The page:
Library funds ruling overturned

Todd writes "West Virginia state supreme court rules library levy money taken from school funds unconstitutional."


Published by Random House,The Iraq Report Will be Out on December 6

The Washington Post reports that the Iraq Study Group's report on the war there will be released next week, to be published by Random House, as was the 9/11 Commission Report. It will also will be posted Wednesday on the Web sites of the U.S. Institute of Peace and the James Baker Institute.


House Bill Could Force Presidential Library Donors Into Daylight

Anonymous Patron writes: From"The Hill, details on a bill (HR 4682) that House Democrats might pass that would prohibit privately funded travel and lengthen a lobbying ban from one to two years for top staff and former members. Less well-known is the provision requiring the organization that raises money for a presidential library to disclose donors to Congress four times a year.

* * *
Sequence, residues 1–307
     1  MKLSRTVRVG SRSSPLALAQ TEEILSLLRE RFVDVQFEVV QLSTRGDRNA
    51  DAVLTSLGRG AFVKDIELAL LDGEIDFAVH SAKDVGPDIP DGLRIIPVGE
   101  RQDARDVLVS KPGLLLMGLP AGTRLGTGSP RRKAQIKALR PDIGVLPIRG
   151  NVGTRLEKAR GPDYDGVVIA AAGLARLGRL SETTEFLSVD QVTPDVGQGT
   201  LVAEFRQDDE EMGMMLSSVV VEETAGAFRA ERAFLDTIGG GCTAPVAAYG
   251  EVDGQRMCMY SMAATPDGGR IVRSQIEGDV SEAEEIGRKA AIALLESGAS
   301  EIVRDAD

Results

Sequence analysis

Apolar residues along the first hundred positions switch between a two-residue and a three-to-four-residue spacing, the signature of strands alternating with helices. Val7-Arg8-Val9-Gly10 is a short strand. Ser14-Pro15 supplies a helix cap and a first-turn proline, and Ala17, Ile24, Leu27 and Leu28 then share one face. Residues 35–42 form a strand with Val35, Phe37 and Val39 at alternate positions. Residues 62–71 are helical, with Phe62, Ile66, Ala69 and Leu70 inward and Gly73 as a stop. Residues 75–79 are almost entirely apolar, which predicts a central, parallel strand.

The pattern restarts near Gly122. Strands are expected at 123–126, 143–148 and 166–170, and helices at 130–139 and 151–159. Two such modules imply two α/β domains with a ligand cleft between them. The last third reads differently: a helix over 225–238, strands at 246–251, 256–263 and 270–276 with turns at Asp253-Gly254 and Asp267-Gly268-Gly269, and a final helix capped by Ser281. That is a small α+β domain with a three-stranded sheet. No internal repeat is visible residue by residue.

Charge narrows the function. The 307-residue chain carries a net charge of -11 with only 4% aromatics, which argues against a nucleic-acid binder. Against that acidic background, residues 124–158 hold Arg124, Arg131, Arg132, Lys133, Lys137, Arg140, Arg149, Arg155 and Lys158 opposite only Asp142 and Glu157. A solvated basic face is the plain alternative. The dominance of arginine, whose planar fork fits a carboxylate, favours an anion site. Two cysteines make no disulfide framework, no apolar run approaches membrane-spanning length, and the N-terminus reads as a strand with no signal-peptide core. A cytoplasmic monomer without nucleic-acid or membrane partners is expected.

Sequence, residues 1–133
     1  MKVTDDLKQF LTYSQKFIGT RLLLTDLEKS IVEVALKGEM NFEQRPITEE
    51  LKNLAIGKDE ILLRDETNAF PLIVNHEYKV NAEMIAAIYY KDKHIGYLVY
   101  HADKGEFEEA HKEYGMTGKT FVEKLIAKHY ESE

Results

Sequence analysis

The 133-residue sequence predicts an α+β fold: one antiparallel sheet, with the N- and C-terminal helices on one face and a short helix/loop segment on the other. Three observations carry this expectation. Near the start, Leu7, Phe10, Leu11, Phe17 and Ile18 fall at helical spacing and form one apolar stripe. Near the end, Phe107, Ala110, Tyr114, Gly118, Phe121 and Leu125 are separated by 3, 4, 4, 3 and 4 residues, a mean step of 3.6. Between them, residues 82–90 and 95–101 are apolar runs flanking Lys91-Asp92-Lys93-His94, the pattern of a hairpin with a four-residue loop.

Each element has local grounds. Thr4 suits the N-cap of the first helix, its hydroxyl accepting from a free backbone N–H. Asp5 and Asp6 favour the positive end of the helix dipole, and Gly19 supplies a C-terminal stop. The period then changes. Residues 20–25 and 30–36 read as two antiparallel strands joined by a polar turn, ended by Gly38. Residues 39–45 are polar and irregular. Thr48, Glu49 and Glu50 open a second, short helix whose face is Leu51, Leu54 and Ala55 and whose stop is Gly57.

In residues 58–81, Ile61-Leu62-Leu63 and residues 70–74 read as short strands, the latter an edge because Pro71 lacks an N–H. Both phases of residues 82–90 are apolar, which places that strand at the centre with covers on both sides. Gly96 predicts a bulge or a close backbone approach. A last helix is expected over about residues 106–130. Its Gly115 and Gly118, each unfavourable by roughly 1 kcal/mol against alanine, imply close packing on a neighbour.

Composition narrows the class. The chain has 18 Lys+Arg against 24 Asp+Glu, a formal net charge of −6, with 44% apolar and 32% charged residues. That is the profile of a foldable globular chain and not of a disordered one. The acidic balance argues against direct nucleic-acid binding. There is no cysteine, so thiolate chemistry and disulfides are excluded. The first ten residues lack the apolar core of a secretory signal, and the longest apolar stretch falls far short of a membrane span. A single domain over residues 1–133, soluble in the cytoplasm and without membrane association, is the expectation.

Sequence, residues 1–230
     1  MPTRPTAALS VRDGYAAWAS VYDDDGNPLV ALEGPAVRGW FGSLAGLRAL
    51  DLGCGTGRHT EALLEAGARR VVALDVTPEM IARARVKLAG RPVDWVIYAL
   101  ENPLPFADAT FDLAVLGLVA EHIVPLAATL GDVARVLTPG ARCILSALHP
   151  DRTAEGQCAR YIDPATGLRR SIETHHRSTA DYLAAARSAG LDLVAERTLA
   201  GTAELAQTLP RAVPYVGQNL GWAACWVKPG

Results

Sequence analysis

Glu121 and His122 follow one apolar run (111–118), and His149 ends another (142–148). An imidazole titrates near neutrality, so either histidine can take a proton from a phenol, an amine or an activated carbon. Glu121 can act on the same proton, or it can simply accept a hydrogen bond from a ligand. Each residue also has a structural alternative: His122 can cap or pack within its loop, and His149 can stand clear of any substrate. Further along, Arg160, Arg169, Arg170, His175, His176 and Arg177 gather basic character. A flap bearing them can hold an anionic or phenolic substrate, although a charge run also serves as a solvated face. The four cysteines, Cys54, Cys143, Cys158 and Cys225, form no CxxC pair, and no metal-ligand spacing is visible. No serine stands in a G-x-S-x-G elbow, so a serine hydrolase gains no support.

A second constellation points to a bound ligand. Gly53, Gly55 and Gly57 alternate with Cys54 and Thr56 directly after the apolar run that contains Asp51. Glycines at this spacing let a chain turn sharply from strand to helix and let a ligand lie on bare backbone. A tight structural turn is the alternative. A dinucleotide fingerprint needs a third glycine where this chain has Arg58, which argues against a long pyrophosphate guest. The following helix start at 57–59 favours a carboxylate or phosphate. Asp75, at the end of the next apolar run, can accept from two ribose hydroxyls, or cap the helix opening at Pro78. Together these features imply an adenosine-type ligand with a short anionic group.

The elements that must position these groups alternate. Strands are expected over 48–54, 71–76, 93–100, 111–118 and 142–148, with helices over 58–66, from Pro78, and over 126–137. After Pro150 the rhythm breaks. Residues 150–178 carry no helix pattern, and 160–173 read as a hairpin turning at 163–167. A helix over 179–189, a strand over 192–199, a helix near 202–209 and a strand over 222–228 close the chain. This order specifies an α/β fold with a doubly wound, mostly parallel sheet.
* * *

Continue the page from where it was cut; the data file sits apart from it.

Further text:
Bush already has grand plans for his library. The fundraising goal is $500 million for the facility, and, reportedly, a new think tank that has been likened to the Hoover Institution, a conservative policy center in Palo Alto, Calif.

By comparison, President Clinton's library in Arkansas cost $165 million.

Federal Case Could Redefine What is Child Porn

Search Engines WEB reports an article from CNET news "he ran a business called Beautiful Super Models that charged $175 for portraits of aspiring models under 18 years old. Prosecutors acknowledge there's no evidence he has ever taken a single photograph of an'unclothed minor...his models struck poses that were illegally provocative. "The images charged are not legitimate child modeling, but rather lascivious poses one would expect to see in an adult magazine"

Oh OH ...here it comes...